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Cost-Effective Rapid-Sand Filter Can Profit Millions In Developing Countries

by Aruna on  March 9, 2009 at 3:35 PM Environmental Health   - G J E 4
 Cost-Effective Rapid-Sand Filter Can Profit Millions In Developing Countries
Researchers at University of North Carolina (UNC) are developing a "rapid sand" filter that can provide fresh, clean, and safe drinking water to millions in developing countries.
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Dr. James Amburgey, an assistant professor of Civil and Environmental Engineering in UNC Charlotte, is developing the filter.

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"The idea is to make it as simple as possible. All that is needed is some PVC pipe, sand and inexpensive treatment chemicals," he said.

"The only way to practically deploy a system to the people of less developed countries is for it to be inexpensive and simple," he added.

Amburgey's latest research with rapid sand filters is demonstrating the ability to clean water much more effectively and 30 to 50 times faster.

"One significant challenge with sand filters is in removing Cryptosporidium oocysts," Amburgey said. "One 'crypto' is five microns in diameter, but the gaps between grains of sand are approximately 75 microns. So, we have to get the crypto to stick to the sand grains," he added.

To achieve this, Amburgey has developed a chemical pretreatment scheme based on ferric chloride and a pH buffer that is added to the water.

In its natural state, Cryptosporidium is negatively charged, as are sand grains, so they repel one another.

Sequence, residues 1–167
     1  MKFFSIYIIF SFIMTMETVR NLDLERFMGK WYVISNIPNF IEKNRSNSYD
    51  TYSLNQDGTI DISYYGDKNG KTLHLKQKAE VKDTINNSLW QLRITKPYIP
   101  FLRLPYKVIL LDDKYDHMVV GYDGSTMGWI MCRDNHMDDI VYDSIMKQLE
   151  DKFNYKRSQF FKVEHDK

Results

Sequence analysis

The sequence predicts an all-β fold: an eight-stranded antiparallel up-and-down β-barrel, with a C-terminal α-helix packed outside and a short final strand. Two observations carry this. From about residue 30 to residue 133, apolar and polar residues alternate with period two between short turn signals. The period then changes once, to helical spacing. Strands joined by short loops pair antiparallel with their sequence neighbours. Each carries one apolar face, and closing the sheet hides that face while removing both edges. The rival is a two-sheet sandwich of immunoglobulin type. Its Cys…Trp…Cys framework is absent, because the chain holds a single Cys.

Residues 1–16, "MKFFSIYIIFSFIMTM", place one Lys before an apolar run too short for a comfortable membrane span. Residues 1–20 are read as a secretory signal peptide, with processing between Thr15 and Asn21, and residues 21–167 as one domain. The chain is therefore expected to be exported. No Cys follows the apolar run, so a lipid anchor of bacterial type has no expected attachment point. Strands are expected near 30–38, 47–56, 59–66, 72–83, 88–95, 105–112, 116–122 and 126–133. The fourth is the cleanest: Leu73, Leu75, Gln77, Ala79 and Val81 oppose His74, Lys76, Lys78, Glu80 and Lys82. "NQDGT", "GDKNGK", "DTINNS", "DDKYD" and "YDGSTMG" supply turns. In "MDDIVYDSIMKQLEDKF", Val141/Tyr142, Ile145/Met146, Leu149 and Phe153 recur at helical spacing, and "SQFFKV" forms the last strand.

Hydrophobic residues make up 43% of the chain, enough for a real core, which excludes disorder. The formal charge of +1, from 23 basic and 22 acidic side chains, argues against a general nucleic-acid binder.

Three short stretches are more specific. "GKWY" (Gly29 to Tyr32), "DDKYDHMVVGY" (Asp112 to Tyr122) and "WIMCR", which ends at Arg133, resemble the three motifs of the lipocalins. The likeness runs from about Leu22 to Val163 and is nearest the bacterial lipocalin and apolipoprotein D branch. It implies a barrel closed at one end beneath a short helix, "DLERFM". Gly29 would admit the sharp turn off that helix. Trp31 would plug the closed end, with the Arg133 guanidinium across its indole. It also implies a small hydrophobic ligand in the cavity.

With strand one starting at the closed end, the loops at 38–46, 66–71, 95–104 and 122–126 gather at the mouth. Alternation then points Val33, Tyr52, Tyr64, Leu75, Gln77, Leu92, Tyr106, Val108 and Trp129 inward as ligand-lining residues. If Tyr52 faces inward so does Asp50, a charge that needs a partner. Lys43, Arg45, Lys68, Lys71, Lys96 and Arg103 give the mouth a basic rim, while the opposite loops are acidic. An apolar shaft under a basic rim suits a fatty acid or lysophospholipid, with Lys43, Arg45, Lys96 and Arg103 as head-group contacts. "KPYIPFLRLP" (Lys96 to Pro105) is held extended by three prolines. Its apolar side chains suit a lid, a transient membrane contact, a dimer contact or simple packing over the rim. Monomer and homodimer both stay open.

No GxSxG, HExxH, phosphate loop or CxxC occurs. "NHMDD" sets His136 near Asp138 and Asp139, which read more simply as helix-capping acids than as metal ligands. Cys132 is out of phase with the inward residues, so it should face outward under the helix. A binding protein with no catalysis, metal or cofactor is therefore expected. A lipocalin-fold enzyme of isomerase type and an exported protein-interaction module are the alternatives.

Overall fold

The chemical pretreatment changes the Cryptosporidium surface charge to near neutral, which eliminates the natural electrostatic repulsion and causes it to be attracted to and stick to the sand grains via van der Waals forces.

In research using a prototype of this system in his lab, Amburgey and his students have done preliminary tests on waters from local rivers, creeks and wastewater treatment plants.

Their results are typically greater than 99 percent removal for Cryptosporidium-sized particles.

"A common problem in drinking water treatment facilities is that changing water quality requires changes in the chemical pretreatment dosages," Amburgey said.

"Our tests, so far, have shown that this system utilizing only a single set of chemical pretreatment dosages is effective on all waters tested to date," he added.

Another advantage of the system is that it can be adapted by using local sands or crushed rock that are indigenous to a particular region of the world.

Source: ANI
ARU/L
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